If you've already established other memory-boosting habits such as regular social interaction, mindfulness meditation, cardio exercise, and the use of memory techniques, it might be time to add one more: playing your favorite 3D video game a few minutes each day.

It appears such games may not only provide fun entertainment, but a powerful boost to your memory as well.

UC Irvine Youtube video about the study:

Rosemary Scent May Help You Remember to Do Things

Do you often forget to take out the trash, return a friend's phone call, or go to your doctor's appointment? Try adding the scent of rosemary to your environment. It may help you remember to do such "future tasks."

Remembering to perform future tasks is the job of your prospective memory. According to research, the scent of rosemary essential oil can improve prospective memory. Rosemary is a fragrant herb with a pine-like aroma, and it's scent may help you remember to do things.

Scientists at the University of Northumbria in the UK found the scent of rosemary may help you "remember events and remember to complete tasks at particular times in the future."

Dr Mark Moss, a lead researcher in the study, said: "We wanted to build on our previous research that indicated rosemary aroma improved long-term memory and mental arithmetic.

"In this study we focused on prospective memory, which involves the ability to remember events that will occur in the future and to remember to complete tasks at particular times.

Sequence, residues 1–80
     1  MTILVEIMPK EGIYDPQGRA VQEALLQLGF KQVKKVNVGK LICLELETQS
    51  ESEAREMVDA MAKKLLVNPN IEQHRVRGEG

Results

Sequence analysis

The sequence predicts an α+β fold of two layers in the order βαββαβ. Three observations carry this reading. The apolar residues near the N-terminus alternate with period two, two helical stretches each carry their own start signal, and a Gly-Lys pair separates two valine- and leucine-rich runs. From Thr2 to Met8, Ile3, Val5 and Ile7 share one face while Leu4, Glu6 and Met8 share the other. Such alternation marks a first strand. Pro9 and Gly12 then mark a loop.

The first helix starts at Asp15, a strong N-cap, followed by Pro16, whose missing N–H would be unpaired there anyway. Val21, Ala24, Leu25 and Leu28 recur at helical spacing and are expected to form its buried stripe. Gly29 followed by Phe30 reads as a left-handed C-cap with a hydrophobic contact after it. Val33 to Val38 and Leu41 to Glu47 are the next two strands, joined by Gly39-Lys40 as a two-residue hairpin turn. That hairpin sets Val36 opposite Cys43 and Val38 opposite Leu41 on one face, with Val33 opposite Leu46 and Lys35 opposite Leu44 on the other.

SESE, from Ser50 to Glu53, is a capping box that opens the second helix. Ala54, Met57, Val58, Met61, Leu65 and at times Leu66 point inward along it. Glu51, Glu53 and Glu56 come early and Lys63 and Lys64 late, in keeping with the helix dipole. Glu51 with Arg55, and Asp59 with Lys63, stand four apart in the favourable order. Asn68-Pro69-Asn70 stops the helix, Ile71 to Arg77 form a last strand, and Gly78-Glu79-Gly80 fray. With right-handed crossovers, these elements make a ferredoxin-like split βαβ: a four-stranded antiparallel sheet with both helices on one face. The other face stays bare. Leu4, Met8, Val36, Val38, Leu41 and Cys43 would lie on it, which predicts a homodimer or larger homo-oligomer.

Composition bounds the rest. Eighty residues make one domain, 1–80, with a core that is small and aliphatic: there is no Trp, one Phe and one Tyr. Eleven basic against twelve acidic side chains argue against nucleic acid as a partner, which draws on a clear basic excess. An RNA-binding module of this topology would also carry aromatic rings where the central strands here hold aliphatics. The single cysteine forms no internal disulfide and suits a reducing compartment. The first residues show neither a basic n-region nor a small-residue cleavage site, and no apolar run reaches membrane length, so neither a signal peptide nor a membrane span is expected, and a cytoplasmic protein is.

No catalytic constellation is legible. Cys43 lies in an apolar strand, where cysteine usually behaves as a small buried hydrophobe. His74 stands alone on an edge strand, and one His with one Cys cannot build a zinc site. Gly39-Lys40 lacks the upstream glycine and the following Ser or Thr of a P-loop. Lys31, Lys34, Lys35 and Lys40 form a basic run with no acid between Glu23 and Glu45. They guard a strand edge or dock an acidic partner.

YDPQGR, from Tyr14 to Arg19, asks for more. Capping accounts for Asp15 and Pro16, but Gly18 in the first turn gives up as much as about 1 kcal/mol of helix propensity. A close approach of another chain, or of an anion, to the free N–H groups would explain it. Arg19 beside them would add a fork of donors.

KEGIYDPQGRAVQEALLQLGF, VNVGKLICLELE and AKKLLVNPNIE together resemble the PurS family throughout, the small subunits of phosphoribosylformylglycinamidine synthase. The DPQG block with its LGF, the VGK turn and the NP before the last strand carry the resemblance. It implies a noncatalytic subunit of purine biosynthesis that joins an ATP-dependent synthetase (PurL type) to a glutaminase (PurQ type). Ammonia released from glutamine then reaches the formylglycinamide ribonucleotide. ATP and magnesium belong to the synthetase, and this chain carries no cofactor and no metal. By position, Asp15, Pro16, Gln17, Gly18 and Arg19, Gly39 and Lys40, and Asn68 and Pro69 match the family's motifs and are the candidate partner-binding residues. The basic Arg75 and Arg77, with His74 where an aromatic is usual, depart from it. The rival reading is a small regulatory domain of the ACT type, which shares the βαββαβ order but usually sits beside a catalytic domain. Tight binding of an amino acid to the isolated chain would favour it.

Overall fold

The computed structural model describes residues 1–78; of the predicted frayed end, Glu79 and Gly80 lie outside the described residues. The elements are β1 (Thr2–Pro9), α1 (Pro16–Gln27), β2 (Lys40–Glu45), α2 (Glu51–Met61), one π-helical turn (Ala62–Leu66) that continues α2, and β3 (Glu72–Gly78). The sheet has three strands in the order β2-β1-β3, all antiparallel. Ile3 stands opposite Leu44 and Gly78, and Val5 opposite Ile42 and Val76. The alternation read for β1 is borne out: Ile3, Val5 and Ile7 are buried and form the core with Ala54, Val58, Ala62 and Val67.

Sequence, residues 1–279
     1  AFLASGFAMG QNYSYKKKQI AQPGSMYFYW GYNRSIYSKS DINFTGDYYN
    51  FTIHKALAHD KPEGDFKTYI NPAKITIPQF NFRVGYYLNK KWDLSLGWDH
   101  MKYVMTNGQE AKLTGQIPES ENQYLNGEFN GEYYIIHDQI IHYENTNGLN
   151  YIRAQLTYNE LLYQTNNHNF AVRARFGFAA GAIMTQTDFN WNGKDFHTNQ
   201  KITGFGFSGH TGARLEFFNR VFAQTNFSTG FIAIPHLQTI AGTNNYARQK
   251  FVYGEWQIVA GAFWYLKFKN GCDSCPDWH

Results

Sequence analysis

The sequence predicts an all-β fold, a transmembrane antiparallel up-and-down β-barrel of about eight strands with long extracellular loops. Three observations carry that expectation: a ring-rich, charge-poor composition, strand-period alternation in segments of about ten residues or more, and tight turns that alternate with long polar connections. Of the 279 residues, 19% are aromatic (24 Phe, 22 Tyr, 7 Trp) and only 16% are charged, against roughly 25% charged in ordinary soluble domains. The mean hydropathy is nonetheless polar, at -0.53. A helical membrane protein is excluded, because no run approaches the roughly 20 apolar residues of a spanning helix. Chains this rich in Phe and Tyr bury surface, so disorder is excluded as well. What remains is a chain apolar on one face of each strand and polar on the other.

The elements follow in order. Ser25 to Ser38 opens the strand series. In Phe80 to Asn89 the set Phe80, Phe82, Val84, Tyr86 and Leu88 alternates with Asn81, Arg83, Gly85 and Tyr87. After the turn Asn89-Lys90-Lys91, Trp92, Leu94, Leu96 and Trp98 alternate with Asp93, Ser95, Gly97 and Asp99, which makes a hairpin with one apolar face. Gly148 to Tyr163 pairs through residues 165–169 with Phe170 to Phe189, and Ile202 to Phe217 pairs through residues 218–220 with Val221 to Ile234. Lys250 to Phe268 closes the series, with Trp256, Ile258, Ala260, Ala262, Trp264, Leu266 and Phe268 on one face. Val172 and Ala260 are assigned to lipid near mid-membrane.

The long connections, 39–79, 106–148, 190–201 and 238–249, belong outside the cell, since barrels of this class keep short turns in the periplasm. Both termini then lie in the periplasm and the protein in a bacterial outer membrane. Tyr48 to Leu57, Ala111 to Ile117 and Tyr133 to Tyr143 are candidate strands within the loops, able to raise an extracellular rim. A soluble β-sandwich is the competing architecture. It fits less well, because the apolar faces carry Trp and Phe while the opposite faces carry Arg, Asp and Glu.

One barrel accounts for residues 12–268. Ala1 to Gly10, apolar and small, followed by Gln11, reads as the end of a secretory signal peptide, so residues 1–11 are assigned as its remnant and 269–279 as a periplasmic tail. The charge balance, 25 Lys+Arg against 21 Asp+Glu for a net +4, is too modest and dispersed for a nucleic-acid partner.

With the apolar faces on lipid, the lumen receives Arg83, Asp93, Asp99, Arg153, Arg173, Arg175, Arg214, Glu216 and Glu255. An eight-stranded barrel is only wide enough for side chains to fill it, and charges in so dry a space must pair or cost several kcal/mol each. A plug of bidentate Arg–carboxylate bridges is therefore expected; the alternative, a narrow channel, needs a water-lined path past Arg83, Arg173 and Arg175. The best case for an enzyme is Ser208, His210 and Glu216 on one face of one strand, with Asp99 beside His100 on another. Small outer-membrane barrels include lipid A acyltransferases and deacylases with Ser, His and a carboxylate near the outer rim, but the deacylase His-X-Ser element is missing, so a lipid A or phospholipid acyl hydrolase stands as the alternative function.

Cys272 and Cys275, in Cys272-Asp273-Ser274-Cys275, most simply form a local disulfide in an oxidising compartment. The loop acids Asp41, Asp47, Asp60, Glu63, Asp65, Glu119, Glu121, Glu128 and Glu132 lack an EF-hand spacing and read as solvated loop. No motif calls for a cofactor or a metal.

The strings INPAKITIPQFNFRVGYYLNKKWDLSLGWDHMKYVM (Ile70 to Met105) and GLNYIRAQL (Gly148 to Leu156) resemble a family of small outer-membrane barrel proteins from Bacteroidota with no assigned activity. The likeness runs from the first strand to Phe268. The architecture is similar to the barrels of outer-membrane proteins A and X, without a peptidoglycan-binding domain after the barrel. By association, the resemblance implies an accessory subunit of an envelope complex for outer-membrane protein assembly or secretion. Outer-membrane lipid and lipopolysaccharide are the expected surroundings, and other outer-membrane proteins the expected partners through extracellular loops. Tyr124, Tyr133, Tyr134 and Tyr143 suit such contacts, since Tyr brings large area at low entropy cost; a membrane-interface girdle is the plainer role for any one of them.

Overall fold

"This is critical for everyday functioning. For example when someone needs to remember to post [mail] a birthday card or to take medication at a particular time."

Participants in the study were separated into groups and given tasks requiring the use of their prospective memory. As researchers discovered, those in a rosemary-scented room performed measurably better on such tasks.

You can easily add the scent of rosemary to your own home using an ultrasonic aromatherapy diffuser. It is one of the safest ways to project the scent of an essential oil into a room.

An ultrasonic diffuser quietly vibrates an oil/water mixture into a fine mist in the room. It is much safer than heating the essential oil in an oil burner. (I own a 100ml Samyo ultrasonic diffuser, pictured above.)

Small bottles of high grade essential oil are readily available for many common aromatic herbs, including rosemary, peppermint, basil, and lavender. Search online retailers such as Amazon or or at brick-and-mortar health food markets.

Be sure to select a brand that offers "therapeutic grade" rosemary essential oil, or you may wind up with a watered-down perfume instead.